2. The feel of a place is different. In Columbus, as in Indianapolis, Louisville, and other “isolated” cities, you find that you can drive 20 minutes to ½ hour and be more or less out of town. Dayton may be smaller than all of these metros, but if you drive south on I-75, you run into Cinci, and so you get a sense that there’s something else around the corner. You feel a bit less confined to that one place, like you’re part of something bigger. In Columbus, you need to drive a couple of hours to hit another good-sized city. It gives Columbus a bit more of a provincial feel, despite the bigger size.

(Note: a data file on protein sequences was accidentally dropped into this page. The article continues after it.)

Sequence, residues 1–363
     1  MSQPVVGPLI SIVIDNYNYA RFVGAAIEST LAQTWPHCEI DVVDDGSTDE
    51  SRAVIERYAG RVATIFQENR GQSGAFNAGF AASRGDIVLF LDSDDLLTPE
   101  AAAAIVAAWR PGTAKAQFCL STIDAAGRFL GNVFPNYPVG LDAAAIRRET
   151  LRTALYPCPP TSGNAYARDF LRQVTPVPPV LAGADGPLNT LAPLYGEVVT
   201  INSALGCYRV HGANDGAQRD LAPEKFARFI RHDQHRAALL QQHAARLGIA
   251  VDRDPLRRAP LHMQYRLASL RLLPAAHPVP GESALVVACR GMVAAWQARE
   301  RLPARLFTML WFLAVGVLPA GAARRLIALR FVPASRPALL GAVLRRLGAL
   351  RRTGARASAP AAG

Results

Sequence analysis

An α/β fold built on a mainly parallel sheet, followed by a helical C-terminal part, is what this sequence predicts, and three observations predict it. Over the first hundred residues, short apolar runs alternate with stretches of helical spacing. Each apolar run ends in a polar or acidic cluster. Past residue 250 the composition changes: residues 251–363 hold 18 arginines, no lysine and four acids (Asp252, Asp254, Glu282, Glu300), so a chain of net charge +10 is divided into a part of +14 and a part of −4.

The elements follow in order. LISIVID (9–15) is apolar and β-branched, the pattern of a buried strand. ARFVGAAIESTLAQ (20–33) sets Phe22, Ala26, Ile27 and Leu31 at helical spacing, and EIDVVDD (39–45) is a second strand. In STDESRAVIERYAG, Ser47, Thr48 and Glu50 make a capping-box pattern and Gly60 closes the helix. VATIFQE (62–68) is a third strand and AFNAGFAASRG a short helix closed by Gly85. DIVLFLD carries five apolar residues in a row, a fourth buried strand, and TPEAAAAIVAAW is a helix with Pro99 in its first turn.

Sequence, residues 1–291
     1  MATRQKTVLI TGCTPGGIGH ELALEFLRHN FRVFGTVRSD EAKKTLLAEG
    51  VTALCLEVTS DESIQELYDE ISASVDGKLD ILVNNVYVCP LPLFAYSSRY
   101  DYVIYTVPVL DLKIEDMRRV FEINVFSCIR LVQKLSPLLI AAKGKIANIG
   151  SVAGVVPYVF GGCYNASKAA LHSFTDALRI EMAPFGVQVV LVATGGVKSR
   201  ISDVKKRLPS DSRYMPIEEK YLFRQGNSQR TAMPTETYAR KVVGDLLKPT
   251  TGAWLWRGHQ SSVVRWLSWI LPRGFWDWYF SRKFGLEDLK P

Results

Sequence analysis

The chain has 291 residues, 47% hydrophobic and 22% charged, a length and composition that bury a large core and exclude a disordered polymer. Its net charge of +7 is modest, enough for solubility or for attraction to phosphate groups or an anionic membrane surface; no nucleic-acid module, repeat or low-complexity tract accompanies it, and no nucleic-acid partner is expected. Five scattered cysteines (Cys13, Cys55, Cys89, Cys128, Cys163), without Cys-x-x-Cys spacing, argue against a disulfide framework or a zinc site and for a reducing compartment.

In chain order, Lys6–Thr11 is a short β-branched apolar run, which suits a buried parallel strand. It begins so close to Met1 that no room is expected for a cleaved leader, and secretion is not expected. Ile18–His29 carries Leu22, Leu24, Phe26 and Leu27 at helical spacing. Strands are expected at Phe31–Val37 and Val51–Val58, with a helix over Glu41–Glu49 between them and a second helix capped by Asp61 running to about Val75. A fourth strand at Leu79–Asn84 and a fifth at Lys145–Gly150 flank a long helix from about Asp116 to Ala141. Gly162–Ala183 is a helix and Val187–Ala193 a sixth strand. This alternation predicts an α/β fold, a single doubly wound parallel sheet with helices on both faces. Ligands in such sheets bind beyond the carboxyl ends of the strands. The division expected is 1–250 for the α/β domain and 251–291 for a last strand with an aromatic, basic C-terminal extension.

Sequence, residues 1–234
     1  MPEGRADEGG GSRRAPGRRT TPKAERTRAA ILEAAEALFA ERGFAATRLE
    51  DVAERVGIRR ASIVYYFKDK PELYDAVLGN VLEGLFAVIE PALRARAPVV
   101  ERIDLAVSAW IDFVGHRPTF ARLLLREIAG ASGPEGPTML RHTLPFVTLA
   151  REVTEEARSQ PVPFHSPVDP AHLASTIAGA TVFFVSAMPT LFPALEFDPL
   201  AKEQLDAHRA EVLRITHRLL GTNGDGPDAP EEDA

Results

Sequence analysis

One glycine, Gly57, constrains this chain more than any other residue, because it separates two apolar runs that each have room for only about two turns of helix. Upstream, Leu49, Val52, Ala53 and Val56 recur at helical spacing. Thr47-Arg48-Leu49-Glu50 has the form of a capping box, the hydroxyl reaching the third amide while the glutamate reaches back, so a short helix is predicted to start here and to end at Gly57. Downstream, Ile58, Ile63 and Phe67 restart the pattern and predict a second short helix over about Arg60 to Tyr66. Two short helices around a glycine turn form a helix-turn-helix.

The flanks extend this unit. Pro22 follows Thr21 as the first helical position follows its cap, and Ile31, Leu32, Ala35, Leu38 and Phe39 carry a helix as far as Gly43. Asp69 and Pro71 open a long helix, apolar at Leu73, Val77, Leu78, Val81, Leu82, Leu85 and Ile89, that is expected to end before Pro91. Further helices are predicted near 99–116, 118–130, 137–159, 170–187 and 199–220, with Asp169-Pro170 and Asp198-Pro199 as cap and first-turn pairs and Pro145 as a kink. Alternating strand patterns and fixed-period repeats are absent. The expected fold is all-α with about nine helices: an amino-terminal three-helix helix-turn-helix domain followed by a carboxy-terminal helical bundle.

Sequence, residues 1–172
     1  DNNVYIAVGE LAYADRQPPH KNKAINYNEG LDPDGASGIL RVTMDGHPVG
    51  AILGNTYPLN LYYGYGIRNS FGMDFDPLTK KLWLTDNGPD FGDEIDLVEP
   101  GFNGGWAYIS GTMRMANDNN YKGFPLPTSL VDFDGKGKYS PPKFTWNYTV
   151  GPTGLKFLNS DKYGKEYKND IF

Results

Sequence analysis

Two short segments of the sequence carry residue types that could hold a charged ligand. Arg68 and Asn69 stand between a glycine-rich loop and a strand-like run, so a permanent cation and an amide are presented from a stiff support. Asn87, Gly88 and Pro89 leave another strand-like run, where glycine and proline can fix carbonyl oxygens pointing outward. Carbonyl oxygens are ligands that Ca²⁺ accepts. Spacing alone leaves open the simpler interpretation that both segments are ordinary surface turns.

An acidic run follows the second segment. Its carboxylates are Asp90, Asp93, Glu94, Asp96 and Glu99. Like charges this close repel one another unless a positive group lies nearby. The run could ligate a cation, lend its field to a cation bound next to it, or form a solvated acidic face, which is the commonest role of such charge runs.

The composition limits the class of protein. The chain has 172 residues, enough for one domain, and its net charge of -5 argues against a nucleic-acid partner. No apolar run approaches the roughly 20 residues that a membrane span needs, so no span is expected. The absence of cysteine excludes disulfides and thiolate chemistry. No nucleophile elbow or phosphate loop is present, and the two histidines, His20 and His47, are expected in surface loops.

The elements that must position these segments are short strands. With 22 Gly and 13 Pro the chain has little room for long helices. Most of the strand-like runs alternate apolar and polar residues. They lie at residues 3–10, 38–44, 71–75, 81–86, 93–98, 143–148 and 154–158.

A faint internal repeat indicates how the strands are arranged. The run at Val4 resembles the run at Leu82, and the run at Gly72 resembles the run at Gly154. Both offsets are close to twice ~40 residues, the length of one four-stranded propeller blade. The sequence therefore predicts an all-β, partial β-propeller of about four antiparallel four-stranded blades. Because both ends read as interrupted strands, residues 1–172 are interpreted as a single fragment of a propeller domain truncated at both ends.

3. Speaking of provincial, the loyalties of an “isolated” city are clearer than in merged metros, resulting in less confusion in some cases. For example, growing up near New Haven, CT many people commuted to Hartford, New York, Bridgeport and Stamford, all cities that were within a 2 hour drive, and a short train ride in most cases. Well, if you live in a suburb that serves two or even three or four cities, which one are you really “from”? It strikes me how people from Connecticut almost NEVER say “I’m from New Haven” or “I’m from Hartford” when traveling. It’s “I’m from Hamden” (my actual hometown), even if you were 2 feet from the New Haven border. When Columbus area residents travel, they say, “I’m from Columbus” even if they live in Reynoldsburg. People feel more linked to an “isolated” city, because the direct impact of what happens in that city is much clearer. I wager that folks in Columbus suburbs, by and large, would feel more threatened if the city started nose-diving than they did when Hartford started to nose dive.